His wicked purpose would disguise;
But reason whispers to my heart,
He ne'er sees God before his eyes.
Woodforde had reason to complain again later that year and on 12 November he tells us:
I was disturbed this morning at Cary Church by the Singers. I sent my Clerk some time back to the Cary Singers, to desire that they would not sing the Responses in the Communion Service, which they complied with for several Sundays, but this morning after the first Commandment they had the Impudence to sing the Response, and therefore I spoke to them out of my Desk, to say and not sing the Responses which they did after, and at other places they sang as usual. The Singers in the Gallery were, Jon Coleman, the Baker, Jonathan Croker, Will[m] Pew Junr., Tho/sy Penny,Will[m] Ashford, Hooper the Singing Master, James Lucas, Peter, Mr. Fancis's man, Mr. Melliar's man James, Farmer Hix's son, Robert Sweete and the two young Dunfords ...
The entry for two Sundays later records:
I read Prayers and Preached this morning at C. Cary Church. N.B. No singing this morning, the Singers not being at Church, they being highly affronted with me at what I lately had done ...
The dispute continues. On December 17th he writes:
... The Singers at Cary did not please me this afternoon by singing the 12 Psalm, New Version, reflecting upon some People ...
Psalm 12NV, vs. 2:|
One neighbour now can scarce believe
What t'other doth impart;
What flatt'ring lips they all deceive
And with a double heart.
But he mellows a little as Christmas approaches, recording on 24 December:
To Cary Singers this evening being Xmas Eve at Parsonage after giving them a Lecture concerning their late behaviour in Church, on promise of amendment gave 0. 2. 0. [two shillings]
All is peaceful until the summer, when on 15 July 1770:
I read Prayers and preached at Cary Church and whilst I was preaching one Tho[s] Speed of Gallhampton came into the Church quite drunk and crazy and made a noise in the Church, called the Singers a Pack of Whoresbirds and gave me a nod or two in the pulpit. The Constable Roger Coles Sen[r] took him into custody after and will have him before a Magistrate tomorrow ...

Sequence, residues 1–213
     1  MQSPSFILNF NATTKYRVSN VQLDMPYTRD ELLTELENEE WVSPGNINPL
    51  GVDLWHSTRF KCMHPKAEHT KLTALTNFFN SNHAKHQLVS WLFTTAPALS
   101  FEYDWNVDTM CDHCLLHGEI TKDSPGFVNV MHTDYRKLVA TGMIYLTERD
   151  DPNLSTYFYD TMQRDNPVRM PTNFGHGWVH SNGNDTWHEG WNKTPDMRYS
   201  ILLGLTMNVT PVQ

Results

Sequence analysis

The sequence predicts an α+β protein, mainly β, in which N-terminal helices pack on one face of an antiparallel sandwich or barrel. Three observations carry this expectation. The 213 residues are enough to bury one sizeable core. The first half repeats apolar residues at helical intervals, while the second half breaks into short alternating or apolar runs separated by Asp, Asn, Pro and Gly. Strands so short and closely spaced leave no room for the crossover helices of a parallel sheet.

On 4 June 1771, on his father's death, he took up residence at Ansford Parsonage, continuing as Curate of Castle Cary and Ansford. In 1773, he left to take up residence at New College, Oxford, where he became Sub-Warden. In 1774 he secured his own living at Weston Longeville, near Norwich, although it was a year and a half before he took up residence there. He records his first visit to Weston thus:
16 April 1775: We breakfasted, supped and slept at Weston Parsonage. A man and his wife, by name Dunnell, live at the Parsonage House and are good kind of people. We went to Church this morning at Weston, and Cooke read Prayers and preached for Mr. Howes [his curate]. I also administered the H; Sacrament this morning at Weston Church being Easter Day -1 had near 40 Communicants. N.B. No money collected at the Sacrament, it not being usual at Weston. My Clerk is a shocking Hand. The worst singing I ever heard in a Church, only the Clerk and one man, and both intolerably bad ...
Weston Old Rectory
Woodforde makes no further reference to the singing in his church for almost 19 years, but on Christmas Day 1793 he records, unexpectedly:
... The Singers sang the Christmas Anthem and very well, between the Litany & Communion ...
After this, he resumes his silence on the subject until the diary ends in October 1802, some 11 weeks before his death on New Year's Day, 1803.
Reproduced from West Gallery no.38 (Summer 2006)